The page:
Blissberry Healthy Gardening Programme 2013

More than vegetables take root and grow at Blissberry Social Farm!

Most of them do it for fun and exercise.

Some make it a social thing, exchanging tips about growing vegetables while sharing cake and a cuppa under the shade of a tree!

Some take the scientific approach, determining, for example, the best kind of organic manure for a particular crop and the temperature that starts tomatoes ripening.

Others just want to get out of the house, take a walk, feed the donkeys -and they really don’t care about the wet summer weather as they like having a safe place that gets them outdoors and engaged in meaningful activity.

They are the HSE Healthy Gardening Community Participants with green thumbs who continue to delight in a phenomenon of health promoting ecology experiences here at Blissberry.

In the blueberry field our veg garden is resident between narrow paths weaved between plots and raised beds which contain clumps of spuds, cabbage, rows of onions, green beans all but concealed by their leaves, tall in hight and supported by wooden stakes. Tiny windmills and tin cans shoo birds away. Local made garden furniture here and there offers tired gardeners a place to rest.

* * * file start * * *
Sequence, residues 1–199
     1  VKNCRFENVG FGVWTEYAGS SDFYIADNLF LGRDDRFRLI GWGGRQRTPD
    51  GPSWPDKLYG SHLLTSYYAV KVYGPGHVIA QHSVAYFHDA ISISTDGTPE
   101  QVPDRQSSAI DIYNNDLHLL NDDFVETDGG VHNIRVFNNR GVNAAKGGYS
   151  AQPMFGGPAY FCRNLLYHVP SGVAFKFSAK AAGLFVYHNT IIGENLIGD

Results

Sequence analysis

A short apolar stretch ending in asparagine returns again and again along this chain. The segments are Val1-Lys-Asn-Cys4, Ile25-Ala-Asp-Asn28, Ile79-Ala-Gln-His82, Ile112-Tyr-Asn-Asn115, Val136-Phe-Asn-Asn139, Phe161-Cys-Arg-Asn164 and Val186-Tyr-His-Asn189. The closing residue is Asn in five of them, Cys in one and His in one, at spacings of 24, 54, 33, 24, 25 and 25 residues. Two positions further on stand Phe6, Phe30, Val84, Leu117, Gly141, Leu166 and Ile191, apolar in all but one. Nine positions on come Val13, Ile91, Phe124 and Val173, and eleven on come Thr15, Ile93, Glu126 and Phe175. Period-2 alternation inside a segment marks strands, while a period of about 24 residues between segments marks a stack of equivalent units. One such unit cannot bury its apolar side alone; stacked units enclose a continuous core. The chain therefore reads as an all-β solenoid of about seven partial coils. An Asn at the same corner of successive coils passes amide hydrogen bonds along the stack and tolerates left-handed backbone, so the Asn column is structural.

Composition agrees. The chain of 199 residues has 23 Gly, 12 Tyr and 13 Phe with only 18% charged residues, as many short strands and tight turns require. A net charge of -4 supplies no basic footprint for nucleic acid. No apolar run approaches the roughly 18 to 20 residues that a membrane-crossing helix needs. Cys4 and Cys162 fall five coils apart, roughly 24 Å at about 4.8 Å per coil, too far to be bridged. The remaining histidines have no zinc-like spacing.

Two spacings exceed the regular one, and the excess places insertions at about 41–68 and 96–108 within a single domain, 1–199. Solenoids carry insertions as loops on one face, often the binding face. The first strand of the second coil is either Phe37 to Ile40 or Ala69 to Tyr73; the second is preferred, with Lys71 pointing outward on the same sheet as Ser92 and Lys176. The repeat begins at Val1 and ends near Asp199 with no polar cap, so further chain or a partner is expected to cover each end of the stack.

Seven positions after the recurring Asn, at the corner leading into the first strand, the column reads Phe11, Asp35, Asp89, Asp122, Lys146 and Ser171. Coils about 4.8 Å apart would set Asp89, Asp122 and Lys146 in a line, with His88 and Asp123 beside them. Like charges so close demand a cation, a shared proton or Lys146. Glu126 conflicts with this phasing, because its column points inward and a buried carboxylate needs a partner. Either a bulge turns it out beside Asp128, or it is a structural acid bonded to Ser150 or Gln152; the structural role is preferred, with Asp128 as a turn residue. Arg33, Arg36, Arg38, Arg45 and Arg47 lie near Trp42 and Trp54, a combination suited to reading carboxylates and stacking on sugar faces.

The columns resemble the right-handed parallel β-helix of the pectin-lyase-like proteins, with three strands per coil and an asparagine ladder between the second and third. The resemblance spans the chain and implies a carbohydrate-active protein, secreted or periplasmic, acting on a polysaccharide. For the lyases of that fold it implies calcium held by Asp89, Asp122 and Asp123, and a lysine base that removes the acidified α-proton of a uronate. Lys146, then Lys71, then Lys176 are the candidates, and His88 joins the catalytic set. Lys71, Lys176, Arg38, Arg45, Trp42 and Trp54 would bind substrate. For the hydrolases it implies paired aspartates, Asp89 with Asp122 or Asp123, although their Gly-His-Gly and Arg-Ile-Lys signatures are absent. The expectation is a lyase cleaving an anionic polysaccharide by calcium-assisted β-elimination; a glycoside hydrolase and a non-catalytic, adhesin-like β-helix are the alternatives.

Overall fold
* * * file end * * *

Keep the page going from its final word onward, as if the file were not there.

“This is something to pass the time,” says a regular participant, “I’m down here every day, doing what needs doing. That’s mostly watering, cultivating and keeping the weeds out.”

Another participant said she “saves a few euros a week in groceries by growing such things as string beans, red cabbage,chard, lettuce and spuds. And pulling weeds, raking and hoeing, she says, is better exercise than she’d get if she paid to go a gym! ”

The birds and rabbits are a bother. One participant took an old hat and a white jacket and made them into a scarecrow after losing crops. “The birds would sit up on the wires, watch me slave, and after I left they’d come down and eat my crops,” she said.

For some growing vegetables was something new. “I had no experience and I learned how to do it,” another participant said, explaining that veteran gardeners helping out novices is part of life at the garden “I just planted everything according to the directions from James the gardener and fellow gardeners”.

“It’s a challenge,” said another participant. When she first tried courgettes she got only two! Deciding that she hadn’t prepared the ground right, she tried seaweed manure as a fertilizer and got 4 to 6 courgettes the next time.

More later.

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